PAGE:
Most of the ones I use come from the freeware aircraft available from at least a dozen different websites and some of you that already have Flight simulator programs may already have the files. The ones from the Flight sim usually are of better quality than the video version and have multiple RPM Range files to start with as well as other sounds like supercharger whines, Prop noise, Afterburner sound, etc. You do pretty much the same thing as what you would do with the single file however you donít have to cut the pieces out of a single file and export as you can just export the .wav to .oog. You still need to ensure a smooth transition by speeding up the sound effect and creating a separate sound every 500 rpm or so. Using the Audacity program you can blend two, three and even four different sounds to get the perfect blend for the transition. If you get a good sound file pack with some quality sounds you may find a supercharger sound or afterburner sound that is a separate .wav (these are nice as you can apply the same effect to different engines if you want).

Importing into Realflight

What you should end up with is a folder with 10-15 different oog files all titled with the rpm number that they represent. The rest is easy all you have to do is Select Simulation>Import>Motor sound profile. Press the Browse button in the box that pops up and select the first .oog of your sound set, (1600.oog is usually my first). The next screen will show you that it found all the other sound files you created and will import those as well as the first one you selected. This screen also lets you name the file so you can find it in the Editor. Once you name the file you will be done importing the sound so all you have to do now is test it in the Sim to see if it works. Donít be surprised if your first few donít sound that great, I myself went through about 30 different engine sound profiles before I Got the R-2800 sound set where I wanted it. If made a mistake and want to remove the sound profile from Realflight its listed under the Manage User Files section under the Simulation menu.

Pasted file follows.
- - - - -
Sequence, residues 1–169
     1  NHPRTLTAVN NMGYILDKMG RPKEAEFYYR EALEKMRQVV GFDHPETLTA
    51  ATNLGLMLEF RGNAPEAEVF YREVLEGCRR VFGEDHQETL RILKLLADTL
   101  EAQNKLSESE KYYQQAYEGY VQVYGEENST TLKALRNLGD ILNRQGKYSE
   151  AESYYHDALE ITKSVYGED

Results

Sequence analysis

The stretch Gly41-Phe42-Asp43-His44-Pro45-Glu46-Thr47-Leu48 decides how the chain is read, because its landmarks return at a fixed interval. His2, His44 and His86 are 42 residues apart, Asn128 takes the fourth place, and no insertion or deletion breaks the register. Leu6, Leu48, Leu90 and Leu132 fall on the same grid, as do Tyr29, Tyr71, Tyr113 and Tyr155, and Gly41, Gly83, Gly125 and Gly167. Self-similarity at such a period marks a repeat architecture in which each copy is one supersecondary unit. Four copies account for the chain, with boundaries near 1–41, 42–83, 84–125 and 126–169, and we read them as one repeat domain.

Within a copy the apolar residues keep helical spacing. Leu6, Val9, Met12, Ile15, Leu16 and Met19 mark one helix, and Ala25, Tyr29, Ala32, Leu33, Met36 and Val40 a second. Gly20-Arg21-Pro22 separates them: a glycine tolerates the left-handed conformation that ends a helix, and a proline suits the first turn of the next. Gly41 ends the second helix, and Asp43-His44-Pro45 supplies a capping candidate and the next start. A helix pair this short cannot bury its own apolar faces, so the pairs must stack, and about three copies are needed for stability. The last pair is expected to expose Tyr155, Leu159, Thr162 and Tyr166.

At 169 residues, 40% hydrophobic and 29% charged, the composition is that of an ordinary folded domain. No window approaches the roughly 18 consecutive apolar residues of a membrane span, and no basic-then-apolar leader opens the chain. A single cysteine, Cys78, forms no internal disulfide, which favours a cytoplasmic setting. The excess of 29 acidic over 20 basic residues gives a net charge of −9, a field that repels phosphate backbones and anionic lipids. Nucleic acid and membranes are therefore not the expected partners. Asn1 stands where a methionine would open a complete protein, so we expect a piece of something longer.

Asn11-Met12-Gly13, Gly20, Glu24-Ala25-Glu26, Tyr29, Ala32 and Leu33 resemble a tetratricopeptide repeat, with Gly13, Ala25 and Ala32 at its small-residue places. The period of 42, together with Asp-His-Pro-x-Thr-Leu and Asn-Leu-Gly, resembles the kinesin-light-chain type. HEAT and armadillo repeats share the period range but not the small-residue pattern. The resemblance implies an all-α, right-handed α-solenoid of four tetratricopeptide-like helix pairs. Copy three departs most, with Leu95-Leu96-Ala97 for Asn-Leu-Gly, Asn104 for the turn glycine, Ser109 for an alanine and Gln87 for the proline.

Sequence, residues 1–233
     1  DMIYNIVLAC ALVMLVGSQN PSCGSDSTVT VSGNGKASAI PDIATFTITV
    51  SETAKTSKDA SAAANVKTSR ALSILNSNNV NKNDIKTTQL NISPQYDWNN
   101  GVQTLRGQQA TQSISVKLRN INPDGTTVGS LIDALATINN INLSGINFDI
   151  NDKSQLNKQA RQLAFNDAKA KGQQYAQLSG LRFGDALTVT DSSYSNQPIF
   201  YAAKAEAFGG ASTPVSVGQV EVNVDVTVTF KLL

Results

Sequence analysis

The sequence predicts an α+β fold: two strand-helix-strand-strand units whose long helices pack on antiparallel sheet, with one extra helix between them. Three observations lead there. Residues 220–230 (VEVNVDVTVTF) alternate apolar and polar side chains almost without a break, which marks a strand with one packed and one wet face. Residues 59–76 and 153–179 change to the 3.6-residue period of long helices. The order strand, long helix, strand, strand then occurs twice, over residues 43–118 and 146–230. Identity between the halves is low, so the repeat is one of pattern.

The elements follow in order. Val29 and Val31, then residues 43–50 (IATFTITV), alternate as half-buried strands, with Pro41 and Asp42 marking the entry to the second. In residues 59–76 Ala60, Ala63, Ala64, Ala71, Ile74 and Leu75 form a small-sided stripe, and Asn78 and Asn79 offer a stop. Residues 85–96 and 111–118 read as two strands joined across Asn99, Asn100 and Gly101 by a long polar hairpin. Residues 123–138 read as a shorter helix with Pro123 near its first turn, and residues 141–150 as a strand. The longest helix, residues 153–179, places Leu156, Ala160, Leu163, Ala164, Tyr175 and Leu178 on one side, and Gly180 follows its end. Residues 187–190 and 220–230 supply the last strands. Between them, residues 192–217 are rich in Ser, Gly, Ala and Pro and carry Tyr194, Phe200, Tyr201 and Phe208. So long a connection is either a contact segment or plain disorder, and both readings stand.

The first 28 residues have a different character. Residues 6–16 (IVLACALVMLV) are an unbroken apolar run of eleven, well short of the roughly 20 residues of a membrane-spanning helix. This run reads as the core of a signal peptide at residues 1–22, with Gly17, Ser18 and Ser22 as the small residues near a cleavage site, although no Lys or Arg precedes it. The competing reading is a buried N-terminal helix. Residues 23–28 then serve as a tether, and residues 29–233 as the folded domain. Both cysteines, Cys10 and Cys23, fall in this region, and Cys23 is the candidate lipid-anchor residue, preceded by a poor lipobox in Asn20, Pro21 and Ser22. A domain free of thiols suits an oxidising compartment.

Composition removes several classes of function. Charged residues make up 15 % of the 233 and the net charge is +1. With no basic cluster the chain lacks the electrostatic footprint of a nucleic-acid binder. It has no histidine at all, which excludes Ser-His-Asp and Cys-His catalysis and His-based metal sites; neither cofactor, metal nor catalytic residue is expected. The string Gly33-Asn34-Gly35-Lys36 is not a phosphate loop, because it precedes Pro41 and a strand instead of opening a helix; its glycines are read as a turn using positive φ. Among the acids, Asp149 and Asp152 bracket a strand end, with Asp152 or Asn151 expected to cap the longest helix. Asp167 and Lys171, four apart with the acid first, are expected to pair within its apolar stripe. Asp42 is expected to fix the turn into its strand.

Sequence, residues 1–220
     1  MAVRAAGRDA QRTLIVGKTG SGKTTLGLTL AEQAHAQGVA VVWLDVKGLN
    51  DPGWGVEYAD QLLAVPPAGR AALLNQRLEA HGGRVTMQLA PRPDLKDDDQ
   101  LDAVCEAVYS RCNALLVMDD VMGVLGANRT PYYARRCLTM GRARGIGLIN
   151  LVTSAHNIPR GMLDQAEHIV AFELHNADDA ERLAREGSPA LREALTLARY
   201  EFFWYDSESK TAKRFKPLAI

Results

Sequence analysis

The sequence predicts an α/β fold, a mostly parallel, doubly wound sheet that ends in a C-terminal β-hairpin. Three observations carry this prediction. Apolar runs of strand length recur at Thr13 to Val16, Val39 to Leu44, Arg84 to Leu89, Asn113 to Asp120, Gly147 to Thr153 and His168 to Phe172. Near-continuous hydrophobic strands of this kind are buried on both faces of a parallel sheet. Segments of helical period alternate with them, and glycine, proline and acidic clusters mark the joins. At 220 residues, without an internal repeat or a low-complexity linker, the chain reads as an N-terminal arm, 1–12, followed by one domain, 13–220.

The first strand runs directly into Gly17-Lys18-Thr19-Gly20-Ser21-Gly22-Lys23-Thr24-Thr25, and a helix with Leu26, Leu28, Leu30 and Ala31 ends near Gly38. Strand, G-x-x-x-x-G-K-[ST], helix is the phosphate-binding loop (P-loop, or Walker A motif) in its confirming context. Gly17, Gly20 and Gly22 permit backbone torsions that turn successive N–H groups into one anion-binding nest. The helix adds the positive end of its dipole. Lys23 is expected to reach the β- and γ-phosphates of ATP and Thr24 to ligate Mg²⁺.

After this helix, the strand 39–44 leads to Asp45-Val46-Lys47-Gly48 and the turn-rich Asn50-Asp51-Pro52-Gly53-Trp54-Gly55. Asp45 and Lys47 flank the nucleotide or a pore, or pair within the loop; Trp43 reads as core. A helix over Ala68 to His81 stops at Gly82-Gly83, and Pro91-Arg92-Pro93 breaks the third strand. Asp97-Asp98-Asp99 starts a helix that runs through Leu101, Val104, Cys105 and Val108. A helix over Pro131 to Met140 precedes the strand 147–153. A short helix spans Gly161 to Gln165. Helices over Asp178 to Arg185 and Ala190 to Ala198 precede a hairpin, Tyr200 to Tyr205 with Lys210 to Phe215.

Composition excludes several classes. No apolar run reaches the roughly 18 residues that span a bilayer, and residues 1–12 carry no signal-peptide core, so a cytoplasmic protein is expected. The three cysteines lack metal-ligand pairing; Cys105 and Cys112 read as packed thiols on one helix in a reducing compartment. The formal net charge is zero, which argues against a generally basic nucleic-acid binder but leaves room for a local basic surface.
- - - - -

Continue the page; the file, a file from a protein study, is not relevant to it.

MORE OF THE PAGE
Any questions you may have please donít hesitate to ask.
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Old 02-19-2014, 12:12 AM
Daveyo Daveyo is offline
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Flight Sim Sounds

hi Cs

Is it possible for you to help me out in creating my own sound file of a 777 and a 757 jet engine that is out on You tube for my FSX?? I need your help in this matter because you have far more knowledge on how to do this properly.

I sure would like for you to make me one sound set for 777 and one for 757. I would be happy to pay you for your time to create these two for me and what you give me and what you instructed here I can then learn myself as I study your created sound files.

Please let me know if you can do this much for me. Would appreciate it very much.

Thanks for reading my message.

Take care


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Old 02-19-2014, 01:07 AM
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csgill75 csgill75 is online now
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I am sorry but I don't create content for FSX.